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Why did the EC axe Bengal's biased babus?

By Payal Mohanka
April 28, 2016 22:05 IST
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Did the CPI-M and Congress' shrill campaign against 'tainted' officers prompt the Election Commission to respond with alacrity?
Payal Mohanka finds out.

In an unprecedented move, close to 70 heads have rolled in the midst of the ongoing assembly elections in West Bengal.

The Election Commission has found officers from the IAS, IPS and the state civil services ranging from district magistrates, commissioner of police, officers in charge of police stations, block divisional officers, guilty of a bias towards the ruling Trinamool Congress party.

Before Kolkata went to the polls on April 30, the fifth phase, the Election Commission removed five police officers in Kolkata and its neighbouring district of South 24 Parganas on April 26.

Is officialdom in West Bengal working for the ruling party or safeguarding the interests of the people?

Allegations of politicisation of the bureaucracy have disturbed a section of upright officers.

Even the chief secretary, the senior-most bureaucrat in the state, was hauled up by the Election Commission for replying to a letter addressed to the chief minister. The Commission had show caused Chief Minister Mamata Banerjee for violating the Model Code of Conduct.

"The content of the letter was 100 per cent political and not administrative," says a senior officer, speaking on condition that he would not be identified by name for this report.

"The chief secretary had no business to reply, He was rightly pulled up by the EC. The bureaucracy is being seen to be aligned to the chief minister. Public perception of over-faithful officers is giving the services a bad name."

An undesirable trend, without a doubt. But is this a new phenomenon?

In the late 1960s and early 1970s then prime minister Indira Gandhi was accused of politicising the bureaucracy. A senior officer quotes her famous expression, 'committed bureaucracy'. It was believed that an indifferent or neutral bureaucracy could not exist. It needed to be committed to the development goals of the government in power.

"What is happening in Bengal today may be unprecedented as the EC is transferring officials on a massive scale, but we are all familiar with overzealous bureaucrats toeing the line of the government. This is a pan India phenomenon," points out a bureaucrat, citing the examples of Punjab and Tamil Nadu in the last elections.

When new governments were sworn in, both states witnessed large-scale changes in the bureaucracy as the new government did not have confidence in the existing bureaucrats.

"I don't think bureaucrats are that politicised. I have been at the receiving end of this in 2014," says a bureaucrat who was transferred during the 2014 Lok Sabha election.

"I don't think I was overly aligned to any party and neither did the ruling party instruct me to do anything," the bureaucrat adds, "but I was still pulled out of my post and sent on election duty in Uttar Pradesh. It is often a matter of perception."

Is it just perception? Why has the Election Commission in a never before fashion initiated transfers on a massive scale in the midst of the current election process?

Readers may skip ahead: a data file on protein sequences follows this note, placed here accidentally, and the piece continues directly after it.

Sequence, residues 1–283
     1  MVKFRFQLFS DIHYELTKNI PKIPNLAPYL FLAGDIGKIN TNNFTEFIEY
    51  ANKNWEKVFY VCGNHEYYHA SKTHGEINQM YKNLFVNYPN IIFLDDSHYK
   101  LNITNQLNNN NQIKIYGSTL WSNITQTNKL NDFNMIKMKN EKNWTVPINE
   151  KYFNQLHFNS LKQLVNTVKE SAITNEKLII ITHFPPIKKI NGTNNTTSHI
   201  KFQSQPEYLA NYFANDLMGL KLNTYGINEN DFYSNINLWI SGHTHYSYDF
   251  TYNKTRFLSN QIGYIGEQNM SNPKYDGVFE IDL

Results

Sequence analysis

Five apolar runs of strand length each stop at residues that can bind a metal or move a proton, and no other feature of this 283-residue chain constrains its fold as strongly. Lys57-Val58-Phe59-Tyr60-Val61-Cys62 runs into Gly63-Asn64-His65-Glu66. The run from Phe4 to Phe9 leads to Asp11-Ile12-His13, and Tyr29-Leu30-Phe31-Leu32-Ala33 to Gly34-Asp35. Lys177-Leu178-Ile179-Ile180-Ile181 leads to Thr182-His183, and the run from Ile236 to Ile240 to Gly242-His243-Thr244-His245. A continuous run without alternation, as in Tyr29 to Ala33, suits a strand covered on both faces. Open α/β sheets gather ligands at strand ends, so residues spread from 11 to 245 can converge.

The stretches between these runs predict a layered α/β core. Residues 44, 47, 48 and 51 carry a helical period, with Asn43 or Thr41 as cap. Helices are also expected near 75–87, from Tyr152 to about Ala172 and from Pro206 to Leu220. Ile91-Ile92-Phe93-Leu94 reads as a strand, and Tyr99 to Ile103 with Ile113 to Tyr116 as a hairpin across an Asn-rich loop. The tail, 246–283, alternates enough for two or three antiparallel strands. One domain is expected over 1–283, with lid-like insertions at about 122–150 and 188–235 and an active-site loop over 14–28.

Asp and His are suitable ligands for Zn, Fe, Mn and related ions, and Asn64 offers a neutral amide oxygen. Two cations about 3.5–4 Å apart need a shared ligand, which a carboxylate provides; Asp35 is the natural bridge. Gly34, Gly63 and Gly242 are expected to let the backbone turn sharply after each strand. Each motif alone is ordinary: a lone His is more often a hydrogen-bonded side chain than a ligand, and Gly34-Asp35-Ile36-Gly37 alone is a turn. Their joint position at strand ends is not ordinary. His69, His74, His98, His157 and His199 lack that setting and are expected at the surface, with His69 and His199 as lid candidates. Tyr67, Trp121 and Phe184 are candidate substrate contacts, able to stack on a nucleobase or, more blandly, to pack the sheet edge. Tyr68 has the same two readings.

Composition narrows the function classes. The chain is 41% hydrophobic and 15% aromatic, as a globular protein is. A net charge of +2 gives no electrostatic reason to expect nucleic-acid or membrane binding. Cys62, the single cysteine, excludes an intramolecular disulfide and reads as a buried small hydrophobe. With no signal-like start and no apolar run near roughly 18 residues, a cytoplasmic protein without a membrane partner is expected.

Is it because for the first time the Communist Party of India-Marxist and the Congress have come together in an electoral alliance and their united shrill campaign against 'tainted' officers prompted the Election Commission to respond with alacrity?

"After the third phase of the elections in Bengal," says a political observer, "the CPI-M and Congress together asked for the removal of the chief electoral officer. This was a poor reflection on the EC itself. To save its credibility the EC had to act. This resulted in an unprecedented rolling of heads while the election process is still on in the state."

Will the Election Commission achieve anything by removing close to 70 officers from their posts?

The electoral exercise starts three months before the polls. There are thousands of polling officers and electoral officers in each district. Some bureaucrats feel the Election Commission is over-reacting. Granted it wants its image to remain unsullied, but removing senior officers will not achieve much.

However, there is unanimity on the fact that a sharp signal is being sent out to every polling officer in the districts: No one is above the law and officers have to be neutral to ensure free and fair elections in the state.

It is also being pointed out that transfers by themselves are not a deterrent. Offenders need to be penalised or demoted. A bureaucrat removed during the 2014 Lok Sabha election has been transferred during these elections too following complaints of bias towards the ruling party. Larger electoral reforms are needed to deal with 'habitual offenders.'

The election machinery is bracing itself for polls in the last two phases of elections on April 30 and May 5.

Once the elections are over, the power of posting returns to the state. Will Bengal witness an absurd drama as the system ensures the return of 'loyal' officers who had been transferred out by the Election Commission? These officers would once again embark on a journey of sworn allegiance to the ruling party.

IMAGE: West Bengal Chief Minister Mamata Banerjee on a road show in Bhawanipore constituency from where she is contesting the assembly election. Photograph: Swapan Mahapatra/PTI Photo

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